Now his spirit, and the collective memories of his fellow citizens, will have to do. Mr. Lane, 90, died Saturday, July 31, surrounded by his family at Stanford Hospital. He had been in a coma and died of respiratory failure, according to a spokeswoman for his office.
In addition to being a former mayor and member of the first Town Council, he was also the former co-publisher of Sunset magazine, a former ambassador to Australia and Nauru, an active philanthropist, a longtime and devoted environmentalist, and perhaps Portola Valley's most ardent fan. Not to mention a role he took much pride and joy in: playing the part of Santa for 55 years, first at Sunset magazine and, since 1990, at the Ladera shopping center.
Mr. Lane's partner at Sunset was his brother Mel, who died in 2007 at the age of 85 and who co-founded the Peninsula Open Space Trust (POST).
Despite his age, Bill Lane regularly and reliably drove himself to town meetings and frequently spoke, usually during the public comment period. He invariably had a good word for the Town Council and the town staff.
"On some quiet evenings when the council agenda was light, Bill would often be the only member of the audience other than the local Almanac reporter," Mayor Steve Toben said in an e-mail. "He would frequently take the floor to express his pride in the democratic process and in the dedication of the town's staff and its volunteer officials. ... His joyous spirit was infectious."
Longtime councilman and former mayor Ted Driscoll noted that while there were many people involved in Portola Valley's incorporation, Mr. Lane was unique in his ongoing commitment. He gave "more than half a century of support to this town," he said. "We will sorely miss him."
"I'm really heartbroken right now," Councilwoman Maryann Derwin said in a phone interview. "It's a profound loss. I just don't know how we're going to manage the Town Council. He was a beacon."
Mr. Lane inspired her and regularly brought the discussion back to the essentials of democratic government, Ms. Derwin said.
"It just felt honorable to do the work when he was there. It doesn't usually feel like an honor," she said. "I hope we can continue to do that, but without his example, his belief in it."
Mr. Lane, a big fan of The Almanac, often added to his comments a good word for this newspaper along with a nod in this reporter's direction. In personal greetings, his smile was a constant, along with a firm handshake and kudos.
Mr. Lane had a kinship with the media milieu, having been the publisher of Sunset, and having worked his way up from selling the magazine door to door during the early years of the Great Depression, according to histories of the magazine and a curricula vitae that Mr. Lane provided to The Almanac.
Mr. Lane received a bachelor's degree in journalism from Stanford University in 1942. As a lieutenant in the U.S. Navy during World War II, he served as flag lieutenant and aide to the commandant of the 12th Naval District, based in San Francisco, and as the gunnery and communications officer aboard a troop transport ship in the Pacific, according to his CV.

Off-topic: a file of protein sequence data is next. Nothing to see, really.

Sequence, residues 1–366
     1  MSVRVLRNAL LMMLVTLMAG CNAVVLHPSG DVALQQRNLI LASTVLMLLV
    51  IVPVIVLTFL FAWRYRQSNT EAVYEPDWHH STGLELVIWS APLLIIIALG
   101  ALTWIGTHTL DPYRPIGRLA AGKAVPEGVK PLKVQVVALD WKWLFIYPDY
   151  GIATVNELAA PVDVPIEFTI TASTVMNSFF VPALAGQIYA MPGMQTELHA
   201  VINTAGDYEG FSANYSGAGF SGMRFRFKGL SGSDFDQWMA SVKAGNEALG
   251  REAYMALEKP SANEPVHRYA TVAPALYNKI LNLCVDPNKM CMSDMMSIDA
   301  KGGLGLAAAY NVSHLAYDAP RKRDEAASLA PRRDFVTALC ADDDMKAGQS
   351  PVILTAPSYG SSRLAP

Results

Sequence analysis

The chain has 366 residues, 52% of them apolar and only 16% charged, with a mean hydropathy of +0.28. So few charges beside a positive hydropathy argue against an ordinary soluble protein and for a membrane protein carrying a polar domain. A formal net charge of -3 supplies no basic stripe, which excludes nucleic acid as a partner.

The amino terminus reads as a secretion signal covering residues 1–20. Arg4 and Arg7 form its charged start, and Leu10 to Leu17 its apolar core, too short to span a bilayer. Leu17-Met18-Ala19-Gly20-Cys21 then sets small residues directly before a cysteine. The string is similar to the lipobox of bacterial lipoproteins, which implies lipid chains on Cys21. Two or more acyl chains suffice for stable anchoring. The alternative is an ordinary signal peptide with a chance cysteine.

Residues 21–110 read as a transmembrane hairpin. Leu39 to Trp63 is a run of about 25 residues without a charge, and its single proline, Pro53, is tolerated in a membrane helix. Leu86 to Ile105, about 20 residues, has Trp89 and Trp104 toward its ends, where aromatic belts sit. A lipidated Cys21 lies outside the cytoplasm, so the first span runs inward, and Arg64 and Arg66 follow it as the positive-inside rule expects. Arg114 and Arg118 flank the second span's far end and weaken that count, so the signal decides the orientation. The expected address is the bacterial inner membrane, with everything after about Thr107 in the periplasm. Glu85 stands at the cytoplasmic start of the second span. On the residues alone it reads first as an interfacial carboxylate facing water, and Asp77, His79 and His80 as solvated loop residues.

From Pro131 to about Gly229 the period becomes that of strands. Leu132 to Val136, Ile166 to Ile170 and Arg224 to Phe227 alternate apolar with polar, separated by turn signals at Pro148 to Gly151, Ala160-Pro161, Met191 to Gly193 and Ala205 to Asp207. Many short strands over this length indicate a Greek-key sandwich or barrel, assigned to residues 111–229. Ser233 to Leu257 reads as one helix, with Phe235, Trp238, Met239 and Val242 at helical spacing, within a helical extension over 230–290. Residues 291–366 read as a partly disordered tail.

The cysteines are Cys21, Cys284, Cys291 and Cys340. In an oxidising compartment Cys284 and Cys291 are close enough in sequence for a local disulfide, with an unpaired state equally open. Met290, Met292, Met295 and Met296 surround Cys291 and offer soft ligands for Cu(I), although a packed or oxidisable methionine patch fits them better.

He married musician, horticulturist and interior designer Donna Jean Gimbel in 1955, and the couple have three adult children — two daughters and a son.
Mr. Lane liked to find occasions for mirth. On July 7, this reporter was securing a bicycle to a flagpole outside the Historic Schoolhouse. Mr. Lane, who was on his way inside for a Planning Commission meeting, noted aloud that if someone were to steal the flagpole, that same person might very well make off with the bicycle then being attached to it.
As an environmentalist, Mr. Lane had few peers in his 20 years of active support for POST as well as for national parks and conservation causes around the country, Audrey Rust, the chief executive of POST, told The Almanac.
"His contributions to conservation and the appreciation and joy of nature are innumerable," Ms. Rust said. "He was really a remarkable man who put his efforts into his belief system. He was a conservationist of great stature."
It began with the encouragement of his parents to enjoy the outdoors and the Western way of life, whether in the wilderness or in a backyard, she said.
In Yosemite National Park, Mr. Lane had the honor, on several occasions, to MC the fire-fall, an evening spectacle involving a bonfire being shoved off the cliff at the top of Glacier Point. "That was a great moment for him," Ms. Rust said.
Councilman Driscoll, an entrepreneur and a scientist, recalled a chance encounter some years ago with Mr. Lane and his brother Mel in a Menlo Park restaurant. Mr. Driscoll had been on his way out after making a pitch to another scientist about an idea for detecting abandoned or forgotten land mines. He stopped by their table to say hello, not to continue his pitch.
After a 15-second summary of why he was there that day, Mr. Driscoll said that Bill Lane took out a business card and wrote on the back, "I commit $10,000," and handed it to him.
"I was blown away," Mr. Driscoll said. "It was breathtaking when it happened. He spent his life giving away money."
POST's environmentally themed Wallace Stegner lecture series was underwritten by Bill and Jean Lane, and Mr. Lane attended almost every lecture for 15 years, Ms. Rust said.
"He was a person who we will miss very much, but he has given us so much," Ms. Rust added. "What a wonderful legacy."
Included in that legacy locally will be Mr. and Ms. Lane's generosity in giving some $2.5 million to help build the $20 million three-building complex at the Portola Valley Town Center. The U.S. Green Building Council recently awarded the complex its highest rating.
Go to is.gd/dYXF8 (case-sensitive) to read Marion Softky's story on Bill Lane as he approached his 90th birthday.